In a rare intimate performance, progressive-rock legends Jethro Tull play an inspired set of classics and then-recent songs in Amsterdam in 1999. Originally filmed for “2 Meter Sessies.”
“No way to slow down,” Ian Anderson shouts with a dramatic flourish at the end of the classic-rock staple “Locomotive Breath,” concluding a half-hour performance at Wisseloord Studios in Amsterdam captured with pristine sound and video quality for Dutch TV in 1999.
For a moment there, he’s once again the preening, slightly sinister, bug-eyed Dickensian hooligan of Jethro Tull’s arena-rock heyday. Either as the leader of that famous band (which has released 21 studio albums since its 1968 debut) or as a solo artist (six studio albums on his own), he really never has slowed down. Now age 73 and suffering from a chronic inflammatory lung disease — though he says it has not affected his day-to-day life or his flute playing — Anderson has scheduled 63 tour dates with Jethro Tull in 2021 and 2022, now that the world is recovering from the COVID pandemic.
Mind you, we’ve had a kinder, gentler Tull/Ian for quite some time now, and that’s especially true of the quintet captured here. (I do miss the bombast of the arena-rattling progressive-rock band I first saw in concert at Madison Square Garden in 1979.) “The crew is somewhere on a ferry with the lights and the rest of the equipment,” Anderson explains in one of the short interview snippets sprinkled between songs. “We wanted to keep this simple. I said to the band, ‘Only bring to the TV show what you can carry in your hands.’”
As a result, this is essentially Jethro Tull in folkie hootenanny/campfire jam mode. But I’ll never understand the sneers from some music snobs who dismiss my fondness for Anderson & Co. with a crack like, “the poor man’s Fairport Convention.” Hey, four Fairport vets have played with this group over the years, and while its take on the centuries-old sounds of the British Isles is a bit more cartoonish, that only makes it more fun to me.
None of the Fairport fellas are onstage for this show, though we do get guitarist Martin Barre from the most storied Tull lineup, as well as drummer Doane Perry (whose stellar discography also includes playing on Lou Reed’s best solo album, “The Blue Mask”). This version of the group had just recorded the last Tull album of all-original material, “J-Tull Dot Com” (1999), and the setlist includes two songs from that effort, as well as two from Anderson’s solo albums.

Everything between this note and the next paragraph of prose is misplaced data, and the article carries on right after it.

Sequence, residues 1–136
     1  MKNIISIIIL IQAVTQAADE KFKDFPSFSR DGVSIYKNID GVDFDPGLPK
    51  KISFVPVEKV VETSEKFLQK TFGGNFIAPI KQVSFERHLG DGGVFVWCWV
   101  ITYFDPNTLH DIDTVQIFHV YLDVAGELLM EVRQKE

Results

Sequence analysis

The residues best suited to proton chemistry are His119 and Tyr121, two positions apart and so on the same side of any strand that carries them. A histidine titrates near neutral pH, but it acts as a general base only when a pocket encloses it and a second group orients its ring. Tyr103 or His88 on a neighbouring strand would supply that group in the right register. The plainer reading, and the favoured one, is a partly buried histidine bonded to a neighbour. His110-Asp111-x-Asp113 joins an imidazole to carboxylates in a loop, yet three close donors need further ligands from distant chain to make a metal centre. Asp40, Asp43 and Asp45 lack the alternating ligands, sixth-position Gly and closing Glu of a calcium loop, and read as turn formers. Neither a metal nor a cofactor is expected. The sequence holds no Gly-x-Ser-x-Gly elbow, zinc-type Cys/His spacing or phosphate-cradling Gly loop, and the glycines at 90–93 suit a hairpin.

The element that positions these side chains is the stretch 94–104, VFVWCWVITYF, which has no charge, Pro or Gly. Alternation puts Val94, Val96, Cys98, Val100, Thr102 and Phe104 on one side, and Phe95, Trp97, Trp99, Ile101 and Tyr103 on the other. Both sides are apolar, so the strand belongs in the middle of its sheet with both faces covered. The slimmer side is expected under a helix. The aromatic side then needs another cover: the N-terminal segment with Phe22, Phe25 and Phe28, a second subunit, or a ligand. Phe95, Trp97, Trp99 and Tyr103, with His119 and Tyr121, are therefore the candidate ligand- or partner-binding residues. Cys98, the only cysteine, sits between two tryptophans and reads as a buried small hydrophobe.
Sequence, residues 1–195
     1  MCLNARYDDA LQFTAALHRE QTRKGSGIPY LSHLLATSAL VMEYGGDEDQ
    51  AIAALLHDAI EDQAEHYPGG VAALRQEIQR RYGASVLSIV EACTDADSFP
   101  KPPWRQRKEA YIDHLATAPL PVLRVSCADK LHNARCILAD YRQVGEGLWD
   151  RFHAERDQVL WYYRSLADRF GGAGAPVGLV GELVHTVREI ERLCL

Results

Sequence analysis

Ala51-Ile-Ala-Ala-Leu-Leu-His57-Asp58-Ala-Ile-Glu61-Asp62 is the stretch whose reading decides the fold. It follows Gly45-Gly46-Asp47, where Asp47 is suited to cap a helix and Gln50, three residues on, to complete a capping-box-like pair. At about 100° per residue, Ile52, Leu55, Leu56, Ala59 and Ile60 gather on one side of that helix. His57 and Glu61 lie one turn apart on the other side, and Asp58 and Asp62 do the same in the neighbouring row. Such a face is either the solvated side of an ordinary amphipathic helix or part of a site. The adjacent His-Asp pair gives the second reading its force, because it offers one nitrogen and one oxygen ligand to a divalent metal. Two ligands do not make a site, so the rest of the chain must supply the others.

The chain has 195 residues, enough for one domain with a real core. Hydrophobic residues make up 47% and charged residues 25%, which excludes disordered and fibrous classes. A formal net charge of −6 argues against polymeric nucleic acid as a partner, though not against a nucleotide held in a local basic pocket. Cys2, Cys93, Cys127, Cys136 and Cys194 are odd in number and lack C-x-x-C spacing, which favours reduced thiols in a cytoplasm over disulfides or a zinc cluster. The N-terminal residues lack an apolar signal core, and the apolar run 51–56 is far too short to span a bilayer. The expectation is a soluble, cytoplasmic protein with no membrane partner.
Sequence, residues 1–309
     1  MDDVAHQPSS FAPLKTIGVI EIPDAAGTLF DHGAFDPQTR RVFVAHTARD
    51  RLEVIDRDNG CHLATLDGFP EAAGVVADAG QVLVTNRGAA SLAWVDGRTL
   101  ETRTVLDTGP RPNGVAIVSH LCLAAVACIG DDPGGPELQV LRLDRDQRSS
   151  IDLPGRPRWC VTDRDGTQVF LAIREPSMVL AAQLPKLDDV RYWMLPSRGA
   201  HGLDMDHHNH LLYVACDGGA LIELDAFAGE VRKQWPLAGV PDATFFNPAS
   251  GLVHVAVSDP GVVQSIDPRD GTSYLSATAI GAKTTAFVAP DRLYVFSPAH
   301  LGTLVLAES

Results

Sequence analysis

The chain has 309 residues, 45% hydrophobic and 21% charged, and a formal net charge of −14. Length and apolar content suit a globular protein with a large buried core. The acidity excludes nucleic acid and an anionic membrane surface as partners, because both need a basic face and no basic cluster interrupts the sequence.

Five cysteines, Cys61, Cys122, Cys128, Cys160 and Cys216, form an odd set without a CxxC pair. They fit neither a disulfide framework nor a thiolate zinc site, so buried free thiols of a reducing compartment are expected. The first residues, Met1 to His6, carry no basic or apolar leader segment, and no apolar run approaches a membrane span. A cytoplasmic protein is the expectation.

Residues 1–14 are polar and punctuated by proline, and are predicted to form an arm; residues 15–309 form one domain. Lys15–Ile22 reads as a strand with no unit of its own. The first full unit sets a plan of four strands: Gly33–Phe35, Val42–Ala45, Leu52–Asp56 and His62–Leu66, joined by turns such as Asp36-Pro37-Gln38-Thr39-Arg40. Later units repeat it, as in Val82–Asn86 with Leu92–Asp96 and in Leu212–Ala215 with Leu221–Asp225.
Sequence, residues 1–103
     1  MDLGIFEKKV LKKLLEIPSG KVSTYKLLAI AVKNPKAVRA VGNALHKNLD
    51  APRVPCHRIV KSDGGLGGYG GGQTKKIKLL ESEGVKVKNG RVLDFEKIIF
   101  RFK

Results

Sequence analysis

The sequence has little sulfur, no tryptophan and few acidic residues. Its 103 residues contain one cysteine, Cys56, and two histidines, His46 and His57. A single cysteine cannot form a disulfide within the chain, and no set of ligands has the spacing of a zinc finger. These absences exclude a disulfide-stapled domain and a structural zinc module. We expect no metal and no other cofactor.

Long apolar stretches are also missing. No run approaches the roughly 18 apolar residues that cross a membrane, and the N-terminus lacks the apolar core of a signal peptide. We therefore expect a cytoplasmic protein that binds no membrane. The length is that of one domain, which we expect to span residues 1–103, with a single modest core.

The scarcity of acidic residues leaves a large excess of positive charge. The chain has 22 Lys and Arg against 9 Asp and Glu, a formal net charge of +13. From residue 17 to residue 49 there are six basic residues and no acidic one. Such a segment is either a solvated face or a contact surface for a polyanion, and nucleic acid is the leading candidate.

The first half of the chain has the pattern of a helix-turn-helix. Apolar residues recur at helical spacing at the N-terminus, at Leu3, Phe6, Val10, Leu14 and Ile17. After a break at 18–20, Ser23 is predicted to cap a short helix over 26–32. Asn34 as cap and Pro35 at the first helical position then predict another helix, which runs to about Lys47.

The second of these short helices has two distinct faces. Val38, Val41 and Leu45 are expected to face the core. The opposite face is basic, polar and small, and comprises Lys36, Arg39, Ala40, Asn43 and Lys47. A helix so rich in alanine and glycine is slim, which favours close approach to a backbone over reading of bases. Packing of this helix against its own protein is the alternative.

It all sounds great, and it’s all of a timeless piece, which is what folk music is supposed to be, no?
Every diehard Tull fan will nitpick any setlist, including this one. Since they were in stripped-down folkie mode, I’d have loved to hear the band members give us a few songs from the group’s best stripped-down folkie albums, “Songs from the Wood” (1977) and “Heavy Horses” (1978). But I quibble. The bluesy, harmonica-heavy opener “Some Day the Sun Won’t Shine for You” from “This Was” (1968); spirited romps through the flute-driven instrumental “Bourée” and the title track of “Thick as a Brick” (1972); “Locomotive Breath”; even the more recent material — it all sounds great, and it’s all of a timeless piece, which is what folk music is supposed to be, no?
“I think when we talk about the Jethro Tull sound it’s a little bit more complex than just being a flute,” Anderson tells the interviewer. “It’s the mixture of acoustic music, which is what is what I do in the band — I’m the unplugged guy in a rock band — plus the very eclectic influences that come from Asian music, from classical music and from the folk music of northwestern Europe.”
Add to that Anderson’s distinctive showmanship, and it’s a winning combination that stands the test of time, at least for us fans. I’ll even forgive him for playing “Fat Man,” which, for obvious reasons to those who know me, has always rubbed the wrong way. “Don’t want to be a fat man… Too much to carry around with you/No chance of finding a woman, who/Will love you in the morning and all the nighttime too.”
Please, can we finally can the sizeism and fat phobia, Ian?
Born the year the Beatles arrived in America, Jim DeRogatis began voicing his opinions about rock ’n’ roll shortly thereafter. He is an associate professor at Columbia College Chicago, and together with Greg Kot, he co-hosts “Sound Opinions,” the weekly pop-music talk show heard on 150 Public Radio stations and via podcast. DeRogatis spent 15 years as the pop-music critic at The Chicago Sun-Times and has written 10 books about music, including “Soulless: The Case Against R. Kelly”, “Let It Blurt: The Life and Times of Lester Bangs” and “Turn on Your Mind: Four Decades of Great Psychedelic Rock.”